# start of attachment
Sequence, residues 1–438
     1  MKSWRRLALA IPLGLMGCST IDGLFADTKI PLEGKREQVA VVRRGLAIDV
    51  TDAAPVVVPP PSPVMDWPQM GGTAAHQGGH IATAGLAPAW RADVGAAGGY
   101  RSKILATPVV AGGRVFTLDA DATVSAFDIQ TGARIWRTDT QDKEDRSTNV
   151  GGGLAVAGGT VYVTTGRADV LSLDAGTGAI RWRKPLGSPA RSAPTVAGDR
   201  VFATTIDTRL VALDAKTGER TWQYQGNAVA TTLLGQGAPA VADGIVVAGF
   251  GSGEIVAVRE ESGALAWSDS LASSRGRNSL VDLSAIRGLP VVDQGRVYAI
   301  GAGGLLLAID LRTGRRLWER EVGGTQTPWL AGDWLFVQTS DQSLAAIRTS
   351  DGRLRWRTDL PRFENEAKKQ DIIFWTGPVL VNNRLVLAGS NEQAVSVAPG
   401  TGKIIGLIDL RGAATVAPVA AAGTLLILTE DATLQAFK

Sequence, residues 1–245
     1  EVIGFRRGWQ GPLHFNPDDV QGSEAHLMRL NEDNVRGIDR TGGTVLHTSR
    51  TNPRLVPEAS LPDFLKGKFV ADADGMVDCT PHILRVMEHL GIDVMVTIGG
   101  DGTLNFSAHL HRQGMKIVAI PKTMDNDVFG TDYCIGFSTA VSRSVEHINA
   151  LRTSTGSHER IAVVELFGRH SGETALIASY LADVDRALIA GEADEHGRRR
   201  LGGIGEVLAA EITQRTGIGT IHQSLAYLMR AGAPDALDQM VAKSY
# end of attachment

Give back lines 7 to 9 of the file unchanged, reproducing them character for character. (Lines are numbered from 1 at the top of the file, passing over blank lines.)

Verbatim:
   251  GSGEIVAVRE ESGALAWSDS LASSRGRNSL VDLSAIRGLP VVDQGRVYAI
   301  GAGGLLLAID LRTGRRLWER EVGGTQTPWL AGDWLFVQTS DQSLAAIRTS
   351  DGRLRWRTDL PRFENEAKKQ DIIFWTGPVL VNNRLVLAGS NEQAVSVAPG